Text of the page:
Should the Board of Fisheries postpone its upcoming meetings until the coronavirus subsides?

Alaskans are being asked for their opinions as the board makes plans for its meeting line up that runs from October to March. The focus this cycle is fisheries at Prince William Sound and Southeast and statewide shellfish.  Glenn Haight is board director –

 “Anyone who has attended knows these are intensely public meetings and big gatherings. And so you’ll spend anywhere from two days to two weeks with people and talking up close and sitting next to each other. And it’s just a very intensely public event. And as we look at how they occur and we look at what mitigation measures are happening for other events; we’re just starting to wonder what do we need to put in place if we are actually going to have in person meetings? And do we need to maybe not do that and go to a virtual platform? And if we did that, how would we be able to conduct these meetings in some fashion that you currently see them. So we just want to ask the public what their interest level is, what their concerns are, and maybe get some good ideas from folks.”

Other boards, such as the North Pacific Council, are meeting successfully via virtual platforms.

Would an online fish board meeting that takes public testimony over the phone be adequate?  Could moderated discussions be opened to a large audience? And how can rural people dealing with limited bandwidth join the conversations?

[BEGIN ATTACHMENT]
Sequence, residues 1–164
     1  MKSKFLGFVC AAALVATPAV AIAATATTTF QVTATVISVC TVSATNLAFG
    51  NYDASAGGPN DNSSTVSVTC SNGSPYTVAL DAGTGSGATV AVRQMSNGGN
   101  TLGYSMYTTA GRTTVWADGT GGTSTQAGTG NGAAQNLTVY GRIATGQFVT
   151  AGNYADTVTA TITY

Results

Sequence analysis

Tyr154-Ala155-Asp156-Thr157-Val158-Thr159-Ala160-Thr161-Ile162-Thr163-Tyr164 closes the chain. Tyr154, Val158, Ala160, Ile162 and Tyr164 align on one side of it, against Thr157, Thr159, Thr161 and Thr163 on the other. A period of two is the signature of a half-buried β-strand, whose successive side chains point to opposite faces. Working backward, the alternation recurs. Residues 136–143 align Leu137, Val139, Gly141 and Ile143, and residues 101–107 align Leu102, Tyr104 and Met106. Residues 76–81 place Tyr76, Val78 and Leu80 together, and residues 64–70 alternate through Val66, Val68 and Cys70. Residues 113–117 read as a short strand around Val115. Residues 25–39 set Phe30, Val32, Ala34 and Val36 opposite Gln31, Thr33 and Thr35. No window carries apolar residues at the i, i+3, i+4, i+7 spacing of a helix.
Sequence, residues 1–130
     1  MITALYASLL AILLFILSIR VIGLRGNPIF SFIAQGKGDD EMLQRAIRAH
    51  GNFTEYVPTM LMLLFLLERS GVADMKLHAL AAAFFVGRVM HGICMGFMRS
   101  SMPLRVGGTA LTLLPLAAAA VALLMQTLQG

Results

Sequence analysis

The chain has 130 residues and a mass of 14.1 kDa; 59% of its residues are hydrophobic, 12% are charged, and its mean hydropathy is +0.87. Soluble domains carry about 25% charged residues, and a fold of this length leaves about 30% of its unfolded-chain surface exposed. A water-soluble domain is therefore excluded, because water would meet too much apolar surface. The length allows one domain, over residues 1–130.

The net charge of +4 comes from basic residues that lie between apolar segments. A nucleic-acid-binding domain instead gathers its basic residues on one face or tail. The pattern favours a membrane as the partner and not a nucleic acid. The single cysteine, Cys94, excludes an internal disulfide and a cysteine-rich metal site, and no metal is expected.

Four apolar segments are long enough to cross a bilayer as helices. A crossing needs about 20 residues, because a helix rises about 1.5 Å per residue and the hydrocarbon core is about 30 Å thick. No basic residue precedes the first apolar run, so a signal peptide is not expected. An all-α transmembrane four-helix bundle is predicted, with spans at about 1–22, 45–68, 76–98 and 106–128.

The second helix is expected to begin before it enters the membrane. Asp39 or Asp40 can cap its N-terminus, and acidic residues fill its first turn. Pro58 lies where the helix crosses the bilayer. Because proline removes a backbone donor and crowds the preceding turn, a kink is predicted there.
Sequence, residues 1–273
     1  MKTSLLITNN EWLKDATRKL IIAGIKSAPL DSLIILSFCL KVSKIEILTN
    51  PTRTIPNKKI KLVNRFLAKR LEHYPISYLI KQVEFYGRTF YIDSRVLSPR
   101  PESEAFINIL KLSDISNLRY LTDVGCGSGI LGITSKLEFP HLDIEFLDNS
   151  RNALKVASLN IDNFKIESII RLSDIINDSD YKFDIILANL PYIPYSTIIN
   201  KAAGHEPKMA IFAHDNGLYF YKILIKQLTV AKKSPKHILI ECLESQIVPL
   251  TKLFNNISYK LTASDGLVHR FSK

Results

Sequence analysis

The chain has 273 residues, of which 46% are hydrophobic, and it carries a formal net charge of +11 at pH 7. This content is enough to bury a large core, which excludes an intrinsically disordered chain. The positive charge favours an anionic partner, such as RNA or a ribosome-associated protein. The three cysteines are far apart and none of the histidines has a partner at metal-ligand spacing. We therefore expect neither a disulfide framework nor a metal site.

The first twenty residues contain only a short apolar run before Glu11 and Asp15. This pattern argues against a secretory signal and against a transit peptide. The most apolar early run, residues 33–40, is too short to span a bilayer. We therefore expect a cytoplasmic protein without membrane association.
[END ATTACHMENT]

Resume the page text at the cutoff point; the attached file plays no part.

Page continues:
Haight says the fish board also relies heavily on public-led substitute language in advance of its official statements on proposals that might be passed.

“So a lot of times proposals are written conceptually and before the board is going to pass those, or if it’s interested in passing them, it asks the stakeholders and a board member and typically staff to develop substitute language and that can be very complicated. It can be a several hour process, it can be back and forth, and back and forth. And how do you do that? In a virtual setting, how do you just stop everything in its tracks, identify the right people, pull them off into a zoom platform or whatever it is, and hammer out that substitute language?”  

The meetings could be rescheduled, Haight says, but it’s uncertain when the Covid-19 coast will be clear. For now, they’ll make plans with the public’s help.

“Not to beat up pandemic metaphors, but we’re taking the public’s temperature here. And we’re going to find out what people are concerned about, what they’re interested in and what they want the board to consider.”  

Submit comments by email, mail or by a quick online survey at the Board of Fisheries page on the Alaska Dept. of Fish and Game website.

Deadline to comment is August 31.  



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